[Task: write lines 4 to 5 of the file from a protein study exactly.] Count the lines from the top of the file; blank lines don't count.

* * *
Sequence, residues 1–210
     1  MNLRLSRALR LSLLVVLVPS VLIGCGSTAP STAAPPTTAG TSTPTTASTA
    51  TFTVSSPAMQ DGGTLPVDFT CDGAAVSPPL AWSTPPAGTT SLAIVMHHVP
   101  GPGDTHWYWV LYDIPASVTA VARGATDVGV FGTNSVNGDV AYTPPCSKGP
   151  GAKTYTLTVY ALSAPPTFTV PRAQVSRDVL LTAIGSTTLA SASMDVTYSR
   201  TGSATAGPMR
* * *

   101  GPGDTHWYWV LYDIPASVTA VARGATDVGV FGTNSVNGDV AYTPPCSKGP
   151  GAKTYTLTVY ALSAPPTFTV PRAQVSRDVL LTAIGSTTLA SASMDVTYSR